The following is an excerpt from Navigant Healthcare’s Pulse Weekly. Click here for a complete copy of this week’s article.
This Friday, more than 18,000 fourth-year medical students in the 141 U.S. schools of medicine will hear where they’ll spend the next 3-5 years of their lives in their residency program. It’s National Resident Matching Day, or “Match Day”—the last step in their rigorous journey to being able to practice medicine.
Match Day is a celebration in most medical schools: each student is recognized and their residency assignment announced to the cheers and high fives of their peers. Each came to med school with notable academic credentials: An average GPA of 3.63 from their baccalaureate program and a MCAT score of 31.4—both increasing annually for more than a decade. Each endured intense classroom coursework in anatomy, physiology, biochemistry, pharmacology, pathology and introductory clinical training in various areas of clinical medicine such as internal medicine, pediatrics, obstetrics and gynecology, psychiatry, and surgery. They’ll embark on their residency alongside 9,000 others who graduated from non-U.S. medical schools, knowing medical education in the U.S. is world’s best: 32 of the top 50 in U.S. News and World Report, 19 of the Top 50 in QS World University Rankings, and 28 of the Top 50 in Shanghai Rankings of World Universities. And most will have debt: 84% will graduate with an average $176,208 note payable.
They’ll join 120,208 residents in 9,528 U.S. programs focused around 27 medical, surgical or hospital-based specialties. Most will specialize: Between 1996 and 2011, the numbers of primary care residents increased 8.4%, specialty residencies increased 10.3%, and 61.1% in sub-specialization. And, as they progress through their residency, their performance will be scrutinized by program directors and faculty who score their capabilities on six dimensions: Interpersonal and communication skills, medical knowledge, patient care, practice-based learning and improvement, professionalism, and systems-based practice. If successful, they’ll complete their training and be licensed to practice their trade in a state of their choosing.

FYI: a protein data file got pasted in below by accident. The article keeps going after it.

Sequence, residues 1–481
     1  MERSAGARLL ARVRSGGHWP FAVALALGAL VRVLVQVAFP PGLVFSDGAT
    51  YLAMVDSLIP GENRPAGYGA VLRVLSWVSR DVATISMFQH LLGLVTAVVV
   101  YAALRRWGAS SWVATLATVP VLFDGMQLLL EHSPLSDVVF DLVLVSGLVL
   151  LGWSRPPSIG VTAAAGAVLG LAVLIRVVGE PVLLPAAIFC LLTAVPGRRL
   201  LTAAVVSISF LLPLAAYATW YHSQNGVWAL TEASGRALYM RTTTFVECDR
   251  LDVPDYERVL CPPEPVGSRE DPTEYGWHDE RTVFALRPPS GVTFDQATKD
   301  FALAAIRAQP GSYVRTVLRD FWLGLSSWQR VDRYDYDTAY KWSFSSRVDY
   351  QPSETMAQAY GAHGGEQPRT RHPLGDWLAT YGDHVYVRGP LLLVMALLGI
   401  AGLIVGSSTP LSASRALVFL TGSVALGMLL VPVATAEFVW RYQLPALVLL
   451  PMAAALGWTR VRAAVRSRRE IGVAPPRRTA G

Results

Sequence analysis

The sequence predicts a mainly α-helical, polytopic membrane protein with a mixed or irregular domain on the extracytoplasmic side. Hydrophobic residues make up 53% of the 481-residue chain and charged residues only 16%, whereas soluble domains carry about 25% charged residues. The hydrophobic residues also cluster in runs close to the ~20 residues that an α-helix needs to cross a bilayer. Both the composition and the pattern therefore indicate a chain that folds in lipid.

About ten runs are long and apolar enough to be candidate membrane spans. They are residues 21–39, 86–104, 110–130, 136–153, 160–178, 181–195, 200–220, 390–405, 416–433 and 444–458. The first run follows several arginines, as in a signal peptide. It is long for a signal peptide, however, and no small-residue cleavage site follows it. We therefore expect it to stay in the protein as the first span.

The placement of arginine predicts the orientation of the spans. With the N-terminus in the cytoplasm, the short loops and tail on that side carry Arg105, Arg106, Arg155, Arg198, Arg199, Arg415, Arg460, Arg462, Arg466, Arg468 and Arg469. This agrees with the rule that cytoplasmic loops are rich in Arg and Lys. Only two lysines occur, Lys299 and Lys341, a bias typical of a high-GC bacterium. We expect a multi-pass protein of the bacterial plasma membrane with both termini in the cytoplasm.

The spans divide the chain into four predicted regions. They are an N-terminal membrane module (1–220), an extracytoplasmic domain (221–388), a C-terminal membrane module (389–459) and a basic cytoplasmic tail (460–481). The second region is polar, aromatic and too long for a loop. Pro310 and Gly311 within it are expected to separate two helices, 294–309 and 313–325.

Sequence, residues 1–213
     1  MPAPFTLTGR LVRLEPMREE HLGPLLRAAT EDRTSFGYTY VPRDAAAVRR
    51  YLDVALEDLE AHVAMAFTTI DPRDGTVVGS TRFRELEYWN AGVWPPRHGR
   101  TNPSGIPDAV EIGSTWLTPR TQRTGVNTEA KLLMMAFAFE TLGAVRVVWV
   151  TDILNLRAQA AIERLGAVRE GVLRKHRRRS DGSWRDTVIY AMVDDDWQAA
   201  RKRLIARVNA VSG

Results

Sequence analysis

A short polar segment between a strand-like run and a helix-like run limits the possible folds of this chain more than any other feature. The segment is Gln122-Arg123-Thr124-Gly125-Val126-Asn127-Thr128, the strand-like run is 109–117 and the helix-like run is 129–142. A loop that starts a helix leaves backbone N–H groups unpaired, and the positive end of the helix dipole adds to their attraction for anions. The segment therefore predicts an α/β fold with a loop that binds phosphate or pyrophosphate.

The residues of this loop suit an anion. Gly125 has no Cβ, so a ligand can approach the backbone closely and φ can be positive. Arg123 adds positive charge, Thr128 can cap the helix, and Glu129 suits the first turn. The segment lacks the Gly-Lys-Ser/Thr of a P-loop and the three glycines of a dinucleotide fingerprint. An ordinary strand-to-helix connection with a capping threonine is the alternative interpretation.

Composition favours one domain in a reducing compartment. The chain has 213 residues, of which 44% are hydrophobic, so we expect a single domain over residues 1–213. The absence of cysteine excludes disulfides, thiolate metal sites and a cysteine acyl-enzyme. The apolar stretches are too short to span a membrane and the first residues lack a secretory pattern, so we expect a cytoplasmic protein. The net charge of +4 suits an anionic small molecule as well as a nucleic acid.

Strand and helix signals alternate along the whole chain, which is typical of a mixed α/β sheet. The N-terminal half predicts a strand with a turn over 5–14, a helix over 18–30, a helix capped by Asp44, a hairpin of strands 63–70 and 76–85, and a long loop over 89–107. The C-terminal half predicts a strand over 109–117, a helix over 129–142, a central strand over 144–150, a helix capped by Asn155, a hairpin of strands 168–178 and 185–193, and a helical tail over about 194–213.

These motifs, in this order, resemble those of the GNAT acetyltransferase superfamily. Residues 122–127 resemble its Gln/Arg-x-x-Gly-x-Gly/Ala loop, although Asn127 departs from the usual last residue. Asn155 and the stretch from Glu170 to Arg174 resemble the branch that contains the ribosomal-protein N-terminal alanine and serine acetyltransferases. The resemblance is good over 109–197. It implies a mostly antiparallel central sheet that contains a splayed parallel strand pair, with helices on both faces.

Most will be employed by a hospital or medical group: Only 2% consider hanging a shingle in a small/start-up practice an option. Most will practice in a suburban or urban area: Only 3% would consider practicing in a community of fewer than 25,000. And most will have multiple job offers: Merritt Hawkins estimates 63% of finishing residents had more than 50 to consider.
Medical residency training is an integral part of the training necessary for a skilled, competent healthcare workforce. It’s the transition from textbook to doing. Under the oversight of the Accreditation Council for Graduate Medical Education, the residency experience is constantly changing to adapt to the realities of the new normal—team-based experiences, technology-enabled health, care coordination, performance-based incentives and more. Objectively, the relevance and results from the U.S. medical education system—from medical schools to residency to lifelong learning—are the world’s standard. But challenges remain…
How should medical education broaden its application of psycho-social needs, values and preferences in diagnosing and treating individuals? The system’s still prone to think of patients as ill-equipped to self-navigate and ill-informed about treatment options or alternative paths of care. As the transition from volume to value takes hold among payers, methods for increasing consumer adherence and outcomes related to an individual’s behaviors and choices needs attention in medical education.